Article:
GRE Verbal Tips for Pakistani Students
GRE verbal section is a hard nut to crack for students in Pakistan. The verbal section tests reading comprehension, critical reasoning and most difficult of all – vocabulary. Therefore, it is a no brainer that most Pakistanis and other non-native English speakers face a horrible time preparing this section. To be blunt, most of the time the fault lies with them as they don’t develop a proper strategy to tackle this section. They often get lured by raw online practice tests and vocabulary lists and waste their precious time cramming them. GRE verbal is much more than vocabulary and tests analytical, reading skills and time management skills more than vocabulary. Here is how a non-native English speaker should go about preparing GRE verbal.
Develop a habit to read
Most people start by trying to remember 10-30 words a day but in a week they lose your interest. You should start by reading basic material from dense english publications like New York Times, The New Yorker, and The Wall Street Journal etc. Read material on topics of your interest so that you don’t get bored. Keep this habit for 15-20 days and then move on to advanced reading stuff from novels like ‘The Great Gatsby’, ‘1984’ etc. While reading, simply write down any words you don’t know as you encounter them. You’ll start to notice that certain words appear again and again and they will automatically become ingrained into your memory. This way you can keep your own vocabulary journal.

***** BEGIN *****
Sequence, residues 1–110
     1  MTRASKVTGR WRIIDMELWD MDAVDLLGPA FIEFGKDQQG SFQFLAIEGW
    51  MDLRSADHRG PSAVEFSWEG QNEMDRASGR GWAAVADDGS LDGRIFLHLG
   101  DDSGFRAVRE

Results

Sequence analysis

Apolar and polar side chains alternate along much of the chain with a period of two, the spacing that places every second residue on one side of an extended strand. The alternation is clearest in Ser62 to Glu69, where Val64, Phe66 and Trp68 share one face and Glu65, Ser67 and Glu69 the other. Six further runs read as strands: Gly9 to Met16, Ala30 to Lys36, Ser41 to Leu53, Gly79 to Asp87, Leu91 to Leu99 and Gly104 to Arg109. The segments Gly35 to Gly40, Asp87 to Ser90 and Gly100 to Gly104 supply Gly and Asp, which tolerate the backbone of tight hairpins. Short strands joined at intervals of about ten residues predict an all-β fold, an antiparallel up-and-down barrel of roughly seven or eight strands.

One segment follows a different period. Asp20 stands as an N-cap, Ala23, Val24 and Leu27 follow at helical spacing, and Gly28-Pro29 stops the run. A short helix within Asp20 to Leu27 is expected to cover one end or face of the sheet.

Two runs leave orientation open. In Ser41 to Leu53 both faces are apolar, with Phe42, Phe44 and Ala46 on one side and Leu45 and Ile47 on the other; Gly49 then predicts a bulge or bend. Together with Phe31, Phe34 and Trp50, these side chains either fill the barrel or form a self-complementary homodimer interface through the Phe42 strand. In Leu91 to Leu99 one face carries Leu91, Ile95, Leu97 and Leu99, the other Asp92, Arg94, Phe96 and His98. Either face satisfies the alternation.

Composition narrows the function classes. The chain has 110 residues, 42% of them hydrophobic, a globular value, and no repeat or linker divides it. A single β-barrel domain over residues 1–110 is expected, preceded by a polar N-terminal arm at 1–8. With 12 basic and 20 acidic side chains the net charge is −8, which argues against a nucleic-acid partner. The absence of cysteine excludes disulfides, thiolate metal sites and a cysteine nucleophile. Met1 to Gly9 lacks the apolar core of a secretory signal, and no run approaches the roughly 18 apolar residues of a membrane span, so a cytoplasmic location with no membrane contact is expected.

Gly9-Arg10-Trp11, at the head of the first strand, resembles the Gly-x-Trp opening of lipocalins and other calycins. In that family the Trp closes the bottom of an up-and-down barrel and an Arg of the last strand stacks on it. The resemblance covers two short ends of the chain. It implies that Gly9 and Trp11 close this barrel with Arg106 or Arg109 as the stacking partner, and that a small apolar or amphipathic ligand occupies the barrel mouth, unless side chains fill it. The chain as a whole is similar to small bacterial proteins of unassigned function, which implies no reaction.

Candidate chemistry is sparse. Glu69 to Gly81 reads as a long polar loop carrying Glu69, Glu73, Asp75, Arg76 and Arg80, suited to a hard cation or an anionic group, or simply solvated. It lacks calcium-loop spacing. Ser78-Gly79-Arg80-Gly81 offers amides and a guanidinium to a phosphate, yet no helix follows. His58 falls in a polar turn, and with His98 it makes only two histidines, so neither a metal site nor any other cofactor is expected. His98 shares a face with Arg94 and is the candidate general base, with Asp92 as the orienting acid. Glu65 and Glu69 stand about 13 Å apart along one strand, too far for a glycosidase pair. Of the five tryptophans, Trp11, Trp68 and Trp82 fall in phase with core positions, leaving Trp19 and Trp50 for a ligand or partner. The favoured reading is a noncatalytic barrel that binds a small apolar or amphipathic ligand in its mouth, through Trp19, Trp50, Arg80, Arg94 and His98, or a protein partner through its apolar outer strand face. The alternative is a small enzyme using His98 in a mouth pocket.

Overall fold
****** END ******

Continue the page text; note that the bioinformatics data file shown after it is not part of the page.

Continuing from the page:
Don’t memorize vocabulary
This is a trap many GRE test takers in Pakistan fall into. Every single GRE student asks me “Sir koi fit si vocabulary list bata dein” (Talha please suggest a great vocabulary resource). Well if GRE verbal section was as easy as memorising words and their meanings, then anybody would ace GRE in Pakistan – especially since we are great at “Ratta” (Rote learning). So if you just cram a few high frequency words from your magic list without understanding the context in which they are used, then you are going to get a hard time on the actual test. The more you read, the more confident you will become.
Practice using timed exercises
Along with reading, you should also do timed practice exercises – reason being that time management is a big challenge on the GRE verbal section. Most students in Pakistan will do well on untimed practice questions, but a week before actual test they realize that they are taking longer than what GRE allows them. In order to tackle this, I would suggest that you do as many practice questions from the GRE Big Book and the ETS official guide.
Do 40 questions at a stretch – this will keep a check on your stamina as well.
One last important point: GRE rewards those who think critically and analyse what they read. It penalises those who try to breeze to the answers before fully understanding the information and questions. Be aware of this fact and practice the techniques above.